WASHINGTON (CBS DC) — Last year was the best ever in charitable giving, with Americans donating $358 billion in 2014.

Donations surpassed pre-recession levels in the U.S. as Americans gave an estimated $358 billion to charities in 2014 – up nearly $47 billion from donations given in 2007, according to the annual Giving USA Foundation report based on tax returns and other data collected by researchers at the Lilly Family School of Philanthropy at Indiana University.

Several large charities noted that when people feel good about the economy, they give across the board. So-called “mega gifts” – single donations by wealthy individuals that exceed $200 million – saw a marked increase last year. Bill and Melinda Gates gave almost $2 billion to the Gates Foundation in addition to an increase in young, tech entrepreneurs joining the elite ranks of philanthropy.

“Much of that increase that we’re seeing is based really on what was a healthier economy as we came out of the Great Recession,” Keith Curtis, of Giving USA, told National Public Radio. “Some of them are young and they’re making those decisions to give back; and when they’re giving, they’re giving significant gifts.”

Total donations increased by 7.1 percent from 2013 to 2014, according to the Giving USA report.

An analysis last year by the Chronicle of Philanthropy revealed that Americans earning more than $200,000 reduced the share of income they gave to charities by 4.6 percent between 2006 and 2012. Meanwhile, those earning less than $100,000 donated 4.5 percent more of their annual income during the same time period.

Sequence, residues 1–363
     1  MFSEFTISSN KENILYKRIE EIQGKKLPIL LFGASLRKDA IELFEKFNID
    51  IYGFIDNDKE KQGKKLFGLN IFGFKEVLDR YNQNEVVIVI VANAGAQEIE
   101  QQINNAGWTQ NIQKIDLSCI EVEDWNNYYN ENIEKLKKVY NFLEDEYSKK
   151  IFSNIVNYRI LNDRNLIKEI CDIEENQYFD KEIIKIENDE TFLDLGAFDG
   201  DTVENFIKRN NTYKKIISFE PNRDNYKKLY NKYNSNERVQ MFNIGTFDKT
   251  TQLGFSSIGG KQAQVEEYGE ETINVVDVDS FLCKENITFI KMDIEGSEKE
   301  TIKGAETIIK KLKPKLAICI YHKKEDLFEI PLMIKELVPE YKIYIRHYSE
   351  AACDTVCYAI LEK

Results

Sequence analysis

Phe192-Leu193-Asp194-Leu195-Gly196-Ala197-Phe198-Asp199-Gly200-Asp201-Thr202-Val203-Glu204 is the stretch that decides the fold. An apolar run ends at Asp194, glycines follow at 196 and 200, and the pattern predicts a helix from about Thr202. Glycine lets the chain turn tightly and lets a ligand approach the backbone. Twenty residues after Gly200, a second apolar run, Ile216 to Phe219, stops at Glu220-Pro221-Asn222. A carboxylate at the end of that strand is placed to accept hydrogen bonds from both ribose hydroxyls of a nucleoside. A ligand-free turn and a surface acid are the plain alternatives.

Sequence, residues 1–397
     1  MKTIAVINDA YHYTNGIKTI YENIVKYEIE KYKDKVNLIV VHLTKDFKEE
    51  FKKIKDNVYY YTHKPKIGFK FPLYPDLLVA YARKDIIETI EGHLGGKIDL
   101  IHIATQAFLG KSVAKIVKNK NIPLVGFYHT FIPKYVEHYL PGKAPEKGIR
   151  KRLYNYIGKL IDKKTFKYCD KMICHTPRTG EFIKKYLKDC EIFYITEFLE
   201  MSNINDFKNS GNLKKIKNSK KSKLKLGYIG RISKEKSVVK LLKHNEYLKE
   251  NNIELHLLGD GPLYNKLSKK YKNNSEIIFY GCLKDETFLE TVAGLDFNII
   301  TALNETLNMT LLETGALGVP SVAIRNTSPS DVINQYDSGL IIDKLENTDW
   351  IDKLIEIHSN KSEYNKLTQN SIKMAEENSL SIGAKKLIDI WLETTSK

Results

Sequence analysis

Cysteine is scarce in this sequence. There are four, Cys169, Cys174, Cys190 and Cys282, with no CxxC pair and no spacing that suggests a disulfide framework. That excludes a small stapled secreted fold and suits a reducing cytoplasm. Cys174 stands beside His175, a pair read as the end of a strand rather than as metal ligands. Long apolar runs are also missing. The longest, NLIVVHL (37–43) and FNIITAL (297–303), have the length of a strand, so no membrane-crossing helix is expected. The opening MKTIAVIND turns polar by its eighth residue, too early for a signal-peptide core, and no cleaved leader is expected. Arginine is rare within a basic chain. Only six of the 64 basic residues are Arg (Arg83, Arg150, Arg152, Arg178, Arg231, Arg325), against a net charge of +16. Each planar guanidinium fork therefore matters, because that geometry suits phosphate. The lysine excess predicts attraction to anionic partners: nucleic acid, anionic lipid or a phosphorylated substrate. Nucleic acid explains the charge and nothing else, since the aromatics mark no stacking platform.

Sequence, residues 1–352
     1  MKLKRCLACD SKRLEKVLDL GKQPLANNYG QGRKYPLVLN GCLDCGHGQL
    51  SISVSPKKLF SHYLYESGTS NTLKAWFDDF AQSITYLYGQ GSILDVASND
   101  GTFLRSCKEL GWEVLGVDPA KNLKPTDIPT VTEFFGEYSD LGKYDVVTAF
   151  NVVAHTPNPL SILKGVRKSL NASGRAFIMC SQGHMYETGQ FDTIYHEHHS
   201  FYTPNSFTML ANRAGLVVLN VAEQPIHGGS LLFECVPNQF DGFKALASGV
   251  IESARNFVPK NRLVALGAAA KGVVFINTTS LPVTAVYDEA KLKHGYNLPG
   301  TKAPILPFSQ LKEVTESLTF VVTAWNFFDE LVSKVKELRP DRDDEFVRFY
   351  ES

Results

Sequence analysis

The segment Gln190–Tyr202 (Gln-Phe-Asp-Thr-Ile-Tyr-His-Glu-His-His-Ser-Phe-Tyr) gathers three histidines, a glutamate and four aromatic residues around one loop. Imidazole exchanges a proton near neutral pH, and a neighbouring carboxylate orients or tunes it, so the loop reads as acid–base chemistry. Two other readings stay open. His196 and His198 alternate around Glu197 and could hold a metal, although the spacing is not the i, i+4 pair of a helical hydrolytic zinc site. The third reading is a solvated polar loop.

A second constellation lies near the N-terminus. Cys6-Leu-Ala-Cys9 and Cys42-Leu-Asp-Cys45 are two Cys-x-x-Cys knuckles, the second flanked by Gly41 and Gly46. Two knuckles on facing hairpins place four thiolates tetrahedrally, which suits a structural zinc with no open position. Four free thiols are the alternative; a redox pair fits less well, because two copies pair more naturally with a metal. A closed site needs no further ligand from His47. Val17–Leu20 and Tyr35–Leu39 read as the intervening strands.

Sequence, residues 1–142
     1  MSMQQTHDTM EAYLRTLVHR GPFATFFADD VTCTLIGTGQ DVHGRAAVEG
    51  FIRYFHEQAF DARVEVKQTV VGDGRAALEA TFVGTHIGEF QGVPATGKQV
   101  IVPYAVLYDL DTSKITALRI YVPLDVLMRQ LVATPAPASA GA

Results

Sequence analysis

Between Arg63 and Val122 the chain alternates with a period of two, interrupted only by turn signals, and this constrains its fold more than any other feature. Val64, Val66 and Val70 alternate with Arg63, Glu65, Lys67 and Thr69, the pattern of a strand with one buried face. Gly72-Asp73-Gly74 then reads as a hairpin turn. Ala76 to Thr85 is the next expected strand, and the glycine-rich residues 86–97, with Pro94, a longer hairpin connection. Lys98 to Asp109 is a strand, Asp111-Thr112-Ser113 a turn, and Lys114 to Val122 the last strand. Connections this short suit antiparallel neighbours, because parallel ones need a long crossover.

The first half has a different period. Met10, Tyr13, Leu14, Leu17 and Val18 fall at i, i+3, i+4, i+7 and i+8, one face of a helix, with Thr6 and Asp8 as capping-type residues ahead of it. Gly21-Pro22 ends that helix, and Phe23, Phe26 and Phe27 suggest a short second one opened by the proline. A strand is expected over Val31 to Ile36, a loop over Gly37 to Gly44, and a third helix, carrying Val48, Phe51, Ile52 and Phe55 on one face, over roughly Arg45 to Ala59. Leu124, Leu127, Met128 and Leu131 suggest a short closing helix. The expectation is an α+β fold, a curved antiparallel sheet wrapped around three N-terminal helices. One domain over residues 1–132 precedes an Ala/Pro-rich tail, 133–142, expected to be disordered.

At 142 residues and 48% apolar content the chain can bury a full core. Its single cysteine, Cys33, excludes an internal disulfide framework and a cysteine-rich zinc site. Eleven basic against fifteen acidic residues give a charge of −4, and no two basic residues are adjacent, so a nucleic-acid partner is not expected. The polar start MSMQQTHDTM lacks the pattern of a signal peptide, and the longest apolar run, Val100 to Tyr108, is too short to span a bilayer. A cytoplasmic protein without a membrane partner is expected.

John Enzler, president and CEO of Catholic Charities in the D.C. area, told NPR they’d seen an increase from $2 million to $10 million in recent years.

“We have had a phenomenal increase in donations over the last four years,” said Enzler. “But also I think frankly we’ve taken a much stronger approach to asking people to help us, telling the story better, telling people why the need is there.”

Elizabeth Boris of the Urban Institute said the rough economy removed a lot of funds across the board – but she noted a 12 percent increase in corporate donations.

“It’s been a really difficult time for charities because other sources of revenue have also been flat, government grants and contracts, perhaps fees for service, it’s been a rough haul,” said Boris.

“Corporations are doing quite well, so it’s about time,” she added.

Foundation giving increased by $54 million, according to the data collected by philanthropy researchers at Indiana University. Donations to religious organizations still compose the largest percentage of all U.S. donations – 32 percent last year. However, this is down from 53 percent of all U.S. donations in 1987.

Benjamin Fearnow